Friday, May 31, 2013

Film Concert The Kid (Charles Chaplin / Frank Strobel / RSO)

Chaplinin poika / Chaplins pojke. US © 1921 Charles Chaplin Productions. Initial distributor: First National. P+D+SC: Charles Chaplin. DP: Roland H. Totheroh. AD: Charles D. Hall. C: Charles Chaplin (A Tramp), Edna Purviance (The Woman), Jackie Coogan (The Child), Carl Miller (an artist). 1500 m /21 fps/ 60 min.
    Filmphilharmonic Edition. Film by courtesy of Roy Export Company S.A.S. Music by courtesy of Bourne Music Co. M (1971): Charles Chaplin. M associate (1971): Eric James. Orchestrator (1971): Eric Rogers. Arranged for live performance by: Carl Davis.
    Conducted by Frank Strobel, played by Radion Sinfoniaorkesteri / The Finnish Radio Symphony Orchestra at a strength of 50 players.
    Projected at 35 mm with e-subtitles in Finnish by Saara Vironmäki. Musiikkitalo, Helsinki, 31 May 2013.

There are those who consider The Kid Chaplin's best film, and certainly Sergei Eisenstein saw it as the key Chaplin film in his essay Charlie the Kid.

Made soon after WWI The Kid had a huge resonance in a world full of orphan kids. The opening is devastating in its insight about how much depends on pure chance in the beginning of a person's life. Yet we know those early years to be decisive.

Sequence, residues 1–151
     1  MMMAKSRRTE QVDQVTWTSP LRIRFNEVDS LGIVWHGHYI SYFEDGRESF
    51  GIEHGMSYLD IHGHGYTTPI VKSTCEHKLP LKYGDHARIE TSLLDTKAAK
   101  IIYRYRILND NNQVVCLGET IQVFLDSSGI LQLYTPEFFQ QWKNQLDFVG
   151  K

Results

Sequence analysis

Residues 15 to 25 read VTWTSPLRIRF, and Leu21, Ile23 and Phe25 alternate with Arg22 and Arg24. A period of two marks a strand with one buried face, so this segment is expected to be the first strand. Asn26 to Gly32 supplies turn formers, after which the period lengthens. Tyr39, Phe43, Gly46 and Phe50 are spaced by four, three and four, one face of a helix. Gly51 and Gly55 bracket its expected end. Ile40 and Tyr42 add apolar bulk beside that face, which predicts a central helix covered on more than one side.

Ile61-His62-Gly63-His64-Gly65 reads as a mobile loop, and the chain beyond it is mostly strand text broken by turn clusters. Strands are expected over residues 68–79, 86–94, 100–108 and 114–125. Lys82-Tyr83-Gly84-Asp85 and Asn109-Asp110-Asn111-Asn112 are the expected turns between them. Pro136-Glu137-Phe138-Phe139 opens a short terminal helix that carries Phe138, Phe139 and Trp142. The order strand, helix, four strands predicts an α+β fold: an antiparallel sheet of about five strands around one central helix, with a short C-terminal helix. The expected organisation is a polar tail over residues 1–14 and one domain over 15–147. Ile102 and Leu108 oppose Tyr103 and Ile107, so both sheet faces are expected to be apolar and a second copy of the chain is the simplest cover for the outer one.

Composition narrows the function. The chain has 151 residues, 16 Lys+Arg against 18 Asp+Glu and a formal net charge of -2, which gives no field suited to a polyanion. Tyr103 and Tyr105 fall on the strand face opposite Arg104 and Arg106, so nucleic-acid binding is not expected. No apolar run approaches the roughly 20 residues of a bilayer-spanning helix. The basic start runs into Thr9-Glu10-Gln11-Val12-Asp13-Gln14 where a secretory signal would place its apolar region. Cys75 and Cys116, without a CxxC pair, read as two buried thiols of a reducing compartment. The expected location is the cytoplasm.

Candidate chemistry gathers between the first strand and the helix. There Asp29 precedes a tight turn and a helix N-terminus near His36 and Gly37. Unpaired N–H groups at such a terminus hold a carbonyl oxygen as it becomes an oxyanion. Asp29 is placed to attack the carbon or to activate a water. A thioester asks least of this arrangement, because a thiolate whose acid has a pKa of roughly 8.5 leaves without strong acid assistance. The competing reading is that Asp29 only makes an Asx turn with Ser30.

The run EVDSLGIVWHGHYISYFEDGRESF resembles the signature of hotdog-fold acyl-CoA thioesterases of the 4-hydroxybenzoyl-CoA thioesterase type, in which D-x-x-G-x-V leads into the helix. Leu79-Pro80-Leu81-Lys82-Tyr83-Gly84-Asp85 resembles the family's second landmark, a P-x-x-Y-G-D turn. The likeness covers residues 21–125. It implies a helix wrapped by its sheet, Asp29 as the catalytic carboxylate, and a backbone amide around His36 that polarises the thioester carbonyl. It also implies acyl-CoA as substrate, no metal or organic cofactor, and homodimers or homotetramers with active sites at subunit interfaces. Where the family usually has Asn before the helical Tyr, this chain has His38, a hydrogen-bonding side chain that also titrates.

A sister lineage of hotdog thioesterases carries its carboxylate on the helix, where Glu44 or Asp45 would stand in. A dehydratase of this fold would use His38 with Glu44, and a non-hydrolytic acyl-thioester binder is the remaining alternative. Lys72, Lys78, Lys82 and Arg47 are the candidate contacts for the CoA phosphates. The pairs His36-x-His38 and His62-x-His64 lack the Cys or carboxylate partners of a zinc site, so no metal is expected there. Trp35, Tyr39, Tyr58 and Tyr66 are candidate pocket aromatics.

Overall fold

There is great passion in this film whose electric charge is completely different from Chaplin's previous films based on atavistic destruction (the Keystone slapstic dimension) or on our sympathy for the tramp as a victim. Here instead the tramp becomes the saviour who finds his dignity in rescuing the helpless baby. There is actually a moment where the "Keystonian" destructive alternative is considered for a second: the thought crosses the tramp's mind that he could drop the baby into the sewer. Having overcome and transcended the destructive, egoistic impulse, he defends the baby like a lion.

I had never paid attention to the music before. There are affinities with The Countess from Hong Kong and Tchaikovsky (like in the grand waltz incorporated in The Gold Rush). The magnificent music evokes great feelings and great thoughts. At its most devastating the music is in the great climax when the authorities come to take the kid away from Charlie. The score rises to tragic intensity.

It was a grand evening in the sold-out Helsinki Music Center. The orchestra played with passion, and the audience received the music with enthusiasm. For the visual quality of a film the Helsinki Music Center is not ideal.

We had a beer with Frank Strobel and Tuula Sarotie at St. Urho's Pub after the concert. The Helsinki summer started abruptly this week, and the outdoors bar tables were crowded in the warm summer evening. Frank told that his friends in cool Berlin are envious of him, and we were worrying about friends and colleagues in flood-threatened parts of Europe such as Vienna and Prague.

Frank Strobel: Wir verwenden bei Aufführungen mit Film den Begriff „Filmkonzert“ ähnlich dem französischen „ciné concert“, im englischen „film concert“.

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